Mio LINK Heart Rate Monitor Wristband, Large, Slate
- Sleek, comfortable, & accurate alternative to heart rate monitor chest straps
- 5 heart rate zones with easy-to-read colored LED light
- Transmits heart rate to smartphone fitness apps, GPS watches & bike computers via Bluetooth Smart & ANT+
- Water resistant up to 30m (3 ATM / 100 ft.)
- For Mio product support, please contact 1-877-770-1116 (Mon-Fri: 9am to 5pm PST). Please review the User Manual for more information
Discover the freedom of running, cycling and swimming without the discomfort of a heart rate monitor chest strap. Mio LINK tracks your heart rate with precision from the wrist, so you can train with heart and train in comfort. Picture the beat of your heart on the screen of your favorite fitness app, alongside your speed and cadence sensors. With built-in Bluetooth Smart and ANT+ connectivity, Mio LINK frees you to connect and share your fitness data in real-time with dozens of popular iPhone and Android fitness apps, GPS watches, and bike computers.
Mio 56P-GRY-L Link Continuous Strapless Heart Rate Wrist Band
Lose the chest strap. Keep the accuracy.
Discover the freedom of running, cycling and swimming without the discomfort of a heart rate monitor chest strap. Mio LINK tracks your heart rate with precision from the wrist, so you can train with heart and train in comfort.
With a soft silicone band and rugged, waterproof design, Link can endure even your toughest workouts.
Mio Link transmits heart rate with both Bluetooth Smart (4.0) and ANT+, so you can display and store heart rate data with your smartphone, bike computer, GPS watch, or any other compatible device.
Link is easy to use: press and hold the button to begin transmitting your heart rate, and press and hold again to stop. Use the Mio GO app to set up your custom heart rate zones, and the LED will flash to display your current heart rate zone.
Connectivity: Bluetooth 4.0 and ANT+
Sensors: Optical heart rate
Battery: Rechargeable Li-Poly
Battery Life: 7-8 hours
Water Resistance: 3 ATM (30m)
Mio LINK is available in two sizes. Regular (S/M) Strap: fits wrists 121-175mm / 4.8-6.9 inches Long (L) Strap: fits wrists 149-208mm / 5.9-8.2 inches.
You’re probably wondering what could make me outright say I am ditching my heart-rate strap, and also why I am giving this 4 instead of 5 stars with such a statement. To give some background, I started running in April 2013, so it’s been just over a year (this review is written in April of 2014). I have used my Garmin Forerunner 410 for every run, uploading training plans to get me ready for my first 5k last May, 10k in July, Half Marathon in October, and ultimately leading up to my first Marathon in April 2014, finishing in 3:55. So I still consider myself a relative newbie, but I have been figuring out what works and what doesn’t.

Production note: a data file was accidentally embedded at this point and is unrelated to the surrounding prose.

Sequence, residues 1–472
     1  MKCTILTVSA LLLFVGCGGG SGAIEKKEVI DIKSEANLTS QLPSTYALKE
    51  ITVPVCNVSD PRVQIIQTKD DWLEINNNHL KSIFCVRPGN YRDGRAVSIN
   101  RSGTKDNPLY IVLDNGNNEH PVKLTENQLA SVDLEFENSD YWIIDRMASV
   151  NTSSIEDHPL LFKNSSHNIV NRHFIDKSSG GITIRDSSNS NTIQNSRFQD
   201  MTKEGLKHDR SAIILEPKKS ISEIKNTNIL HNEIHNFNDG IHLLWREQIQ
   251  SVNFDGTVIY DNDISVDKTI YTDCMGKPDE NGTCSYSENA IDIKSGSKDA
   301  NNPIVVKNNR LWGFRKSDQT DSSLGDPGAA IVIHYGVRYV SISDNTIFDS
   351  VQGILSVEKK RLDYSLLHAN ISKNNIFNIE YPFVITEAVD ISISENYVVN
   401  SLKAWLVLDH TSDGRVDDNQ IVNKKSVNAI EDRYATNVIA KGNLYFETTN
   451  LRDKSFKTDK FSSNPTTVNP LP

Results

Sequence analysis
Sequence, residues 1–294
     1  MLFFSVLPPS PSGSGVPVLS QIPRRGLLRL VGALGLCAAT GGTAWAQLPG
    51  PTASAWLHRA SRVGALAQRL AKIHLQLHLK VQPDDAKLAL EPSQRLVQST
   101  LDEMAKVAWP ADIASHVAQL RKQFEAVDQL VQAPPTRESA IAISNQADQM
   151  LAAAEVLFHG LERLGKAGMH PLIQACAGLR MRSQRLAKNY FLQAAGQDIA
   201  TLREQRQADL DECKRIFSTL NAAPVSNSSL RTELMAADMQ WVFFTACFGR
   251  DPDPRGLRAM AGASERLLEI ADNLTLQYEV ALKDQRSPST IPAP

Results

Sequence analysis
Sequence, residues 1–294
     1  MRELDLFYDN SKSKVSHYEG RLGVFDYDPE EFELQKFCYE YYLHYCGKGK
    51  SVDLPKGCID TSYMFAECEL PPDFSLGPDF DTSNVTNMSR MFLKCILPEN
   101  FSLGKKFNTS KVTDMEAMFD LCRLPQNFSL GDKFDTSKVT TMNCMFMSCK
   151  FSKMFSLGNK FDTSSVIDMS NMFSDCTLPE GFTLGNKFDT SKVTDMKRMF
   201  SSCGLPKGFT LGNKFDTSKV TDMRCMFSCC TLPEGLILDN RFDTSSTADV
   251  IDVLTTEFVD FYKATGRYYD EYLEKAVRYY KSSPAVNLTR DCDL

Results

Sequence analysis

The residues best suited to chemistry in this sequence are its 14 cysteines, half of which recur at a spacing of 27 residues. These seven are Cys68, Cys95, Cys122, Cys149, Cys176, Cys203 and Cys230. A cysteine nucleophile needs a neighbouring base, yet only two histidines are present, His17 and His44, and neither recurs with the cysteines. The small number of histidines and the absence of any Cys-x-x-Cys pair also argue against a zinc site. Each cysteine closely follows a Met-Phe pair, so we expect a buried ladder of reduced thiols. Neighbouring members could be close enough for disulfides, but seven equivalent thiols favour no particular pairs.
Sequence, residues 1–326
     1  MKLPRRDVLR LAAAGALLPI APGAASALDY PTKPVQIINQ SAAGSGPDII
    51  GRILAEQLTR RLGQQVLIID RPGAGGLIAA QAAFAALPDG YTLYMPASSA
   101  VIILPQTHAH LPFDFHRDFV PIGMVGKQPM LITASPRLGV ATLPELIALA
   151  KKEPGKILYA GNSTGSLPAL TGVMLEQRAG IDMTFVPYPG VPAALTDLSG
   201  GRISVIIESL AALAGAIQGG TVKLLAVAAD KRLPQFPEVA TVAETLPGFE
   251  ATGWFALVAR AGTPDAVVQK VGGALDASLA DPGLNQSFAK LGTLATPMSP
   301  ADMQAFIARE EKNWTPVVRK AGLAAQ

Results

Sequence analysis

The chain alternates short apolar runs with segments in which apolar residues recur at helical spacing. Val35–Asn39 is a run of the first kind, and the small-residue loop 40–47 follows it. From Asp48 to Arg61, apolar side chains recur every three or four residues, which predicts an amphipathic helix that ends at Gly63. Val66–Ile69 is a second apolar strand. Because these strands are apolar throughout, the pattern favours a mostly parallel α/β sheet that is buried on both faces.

I was using the Garmin HRM2 chest strap for awhile, but found that on dry days I would get errant readings for the first 1-2 miles of my run until I started to sweat. The Garmin HRM3 was a bit better, but it’s still not the most comfortable to wear a strap around your chest, and I still had issues with accuracy when I wasn’t soaked in sweat. Chest strap monitors have been around for years, and they function by picking up the electrical impulse across your chest from your heart. The advantage is that once you are sweaty, they tend to be fairly accurate. The disadvantage is they can be uncomfortable on the chest (a wet strap that doesn’t dry quickly) and can chafe.
My first optical HRM was my Basis B1 activity tracker. The problem with that one is that it is good at getting an occasional heart rate for monitoring activity, but it fails to pick it up during strenuous exercise. It also didn’t work with my GPS watch or my iPhone. Other optical HRM’s have similar limitations.
When I read on DCRainmaker’s blog about the new Mio Link, I knew I just had to try it. The new Mio Link is just awesome and worked amazingly as I will describe. First, I measured my wrist as they recommend. My wrist just above my wrist bone is 6.25″. The small/medium band fit with 5 holes to spare. The strap actually snaps down onto itself as well so there is nothing loose. I hardly notice it on my wrist. I turned it on (simple push button on the top) and the LED flashed cyan to let me know it was on. I took my Garmin Forerunner 410, told it scan for ANT+ devices, and it came up instantly with my resting heart rate. Wow. I was up and going in no time.